|US5889518||Oct 10, 1995||Mar 30, 1999||Anysoft Ltd.||Apparatus for and method of acquiring, processing and routing data contained in a GUI window|
|US5889845||Nov 1, 1996||Mar 30, 1999||Data Race, Inc.||System and method for providing a remote user with a virtual presence to an office|
|US5905777||Sep 27, 1996||May 18, 1999||At&T Corp.||E-mail paging system|
|US5937161||Apr 12, 1996||Aug 10, 1999||Usa.Net, Inc.||Electronic message forwarding system|
|US6138146 *||Sep 29, 1997||Oct 24, 2000||Ericsson Inc.||Electronic mail forwarding system and method|
|US6381634||Dec 8, 1997||Apr 30, 2002||Nortel Networks Limited||Apparatus and method for electronic mail address portability|
|US6405243 *||Apr 5, 1996||Jun 11, 2002||Sun Microsystems, Inc.||Method and system for updating email addresses|
|US6427164||Jun 23, 1999||Jul 30, 2002||Mail Registry, Inc.||Systems and methods for automatically forwarding electronic mail when the recipient is otherwise unknown|
|US6438583 *||Jun 23, 1999||Aug 20, 2002||Re-Route Corporation||System and method for re-routing of e-mail messages|
|US6564264||Dec 8, 1999||May 13, 2003||At&T Corp.||System, apparatus and method for automatic address updating of outgoing and incoming user messages in a communications network|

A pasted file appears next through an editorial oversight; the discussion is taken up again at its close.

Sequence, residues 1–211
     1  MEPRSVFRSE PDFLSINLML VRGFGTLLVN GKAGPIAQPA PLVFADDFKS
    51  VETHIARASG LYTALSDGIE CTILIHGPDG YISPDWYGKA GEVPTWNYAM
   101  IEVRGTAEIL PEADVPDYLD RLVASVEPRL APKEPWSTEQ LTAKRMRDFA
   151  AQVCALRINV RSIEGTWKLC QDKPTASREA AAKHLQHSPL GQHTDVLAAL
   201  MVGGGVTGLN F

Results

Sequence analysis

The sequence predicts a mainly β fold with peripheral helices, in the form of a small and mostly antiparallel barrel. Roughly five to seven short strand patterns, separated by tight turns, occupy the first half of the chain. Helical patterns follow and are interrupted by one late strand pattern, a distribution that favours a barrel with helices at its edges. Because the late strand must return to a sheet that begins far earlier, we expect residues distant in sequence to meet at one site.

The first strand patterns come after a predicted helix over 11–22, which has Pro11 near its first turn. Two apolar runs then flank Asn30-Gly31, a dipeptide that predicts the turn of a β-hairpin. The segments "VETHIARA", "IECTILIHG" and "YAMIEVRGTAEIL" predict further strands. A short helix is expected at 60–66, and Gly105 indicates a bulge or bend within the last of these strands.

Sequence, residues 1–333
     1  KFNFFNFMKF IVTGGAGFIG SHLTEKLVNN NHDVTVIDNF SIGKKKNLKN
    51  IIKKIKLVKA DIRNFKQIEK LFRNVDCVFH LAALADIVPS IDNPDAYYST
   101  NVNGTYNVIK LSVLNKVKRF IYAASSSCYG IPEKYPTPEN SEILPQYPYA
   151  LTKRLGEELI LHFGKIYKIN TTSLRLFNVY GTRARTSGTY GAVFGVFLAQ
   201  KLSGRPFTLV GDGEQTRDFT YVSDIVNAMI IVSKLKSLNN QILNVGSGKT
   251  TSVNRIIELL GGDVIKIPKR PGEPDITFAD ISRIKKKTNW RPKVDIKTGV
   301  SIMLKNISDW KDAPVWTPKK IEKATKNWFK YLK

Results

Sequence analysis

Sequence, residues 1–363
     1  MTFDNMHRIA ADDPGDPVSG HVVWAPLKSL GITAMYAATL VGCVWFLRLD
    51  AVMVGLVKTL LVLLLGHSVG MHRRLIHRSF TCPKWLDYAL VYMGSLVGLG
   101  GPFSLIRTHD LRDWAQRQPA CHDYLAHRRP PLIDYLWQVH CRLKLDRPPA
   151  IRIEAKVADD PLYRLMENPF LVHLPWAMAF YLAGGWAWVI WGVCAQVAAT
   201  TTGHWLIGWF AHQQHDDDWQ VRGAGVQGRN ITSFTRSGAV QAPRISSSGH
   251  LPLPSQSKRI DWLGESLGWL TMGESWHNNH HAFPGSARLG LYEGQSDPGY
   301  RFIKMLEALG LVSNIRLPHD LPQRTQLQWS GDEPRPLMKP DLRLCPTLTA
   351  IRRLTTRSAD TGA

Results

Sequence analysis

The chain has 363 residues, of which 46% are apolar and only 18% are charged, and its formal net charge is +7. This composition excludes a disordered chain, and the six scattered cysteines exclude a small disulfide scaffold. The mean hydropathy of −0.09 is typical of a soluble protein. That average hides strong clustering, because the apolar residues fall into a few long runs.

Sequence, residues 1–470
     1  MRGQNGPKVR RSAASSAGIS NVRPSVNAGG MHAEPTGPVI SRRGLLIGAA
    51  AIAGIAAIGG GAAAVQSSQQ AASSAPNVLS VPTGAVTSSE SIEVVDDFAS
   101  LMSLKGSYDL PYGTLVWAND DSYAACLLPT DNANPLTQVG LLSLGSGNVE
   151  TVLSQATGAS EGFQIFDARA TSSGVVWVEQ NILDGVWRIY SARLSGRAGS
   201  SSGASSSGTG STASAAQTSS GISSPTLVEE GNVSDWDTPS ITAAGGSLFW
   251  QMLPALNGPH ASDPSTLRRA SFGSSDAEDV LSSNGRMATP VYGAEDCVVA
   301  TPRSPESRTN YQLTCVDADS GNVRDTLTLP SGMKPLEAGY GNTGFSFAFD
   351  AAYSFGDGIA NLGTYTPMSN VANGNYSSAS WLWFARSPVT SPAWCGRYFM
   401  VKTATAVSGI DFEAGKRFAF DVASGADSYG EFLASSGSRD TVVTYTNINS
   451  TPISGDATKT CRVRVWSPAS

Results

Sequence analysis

|US6654779||Apr 14, 1999||Nov 25, 2003||First Data Resources||System and method for electronic mail (e-mail) address management|
|US6654789||Jul 20, 2000||Nov 25, 2003||Freshaddress, Inc.||System for storing and retrieving old and new electronic identifiers|
|WO1997039532A2||Apr 11, 1997||Oct 23, 1997||Usa.Net, Inc.||Electronic message forwarding system|
|WO1998000787A1||Jun 30, 1997||Jan 8, 1998||Datalink Systems Corporation||Electronic mail system for receiving and forwarding e-mail messages based on subscriber supplied criteria|
|WO1999017241A1||Sep 9, 1998||Apr 8, 1999||Ericsson Inc.||Business card agent and applications|
|WO1999017505A1||Sep 9, 1998||Apr 8, 1999||Ericsson Inc.||Electronic mail forwarding system and method|
|1||ElectricMail Launches New Internet Messaging Service: Emmis Mail Give Corporate Unprecedented Levels of Service, Reliability and Flexibility.-ElectricMail Press Release, Mar. 4, 1997, pp. 1-4.|
|2||Email Flow for exchange, Mail Essentials for Exchange/SMTP Pre sales FAQ. Feb. 1999, pp. 1-3.|
|3||The World's Free E-Mail Tracker-Active Names, http://www.activenames.com, Dec. 1999.|
|4||www.beebware.com/email/forwarding.html, date printed May 15, 2004.|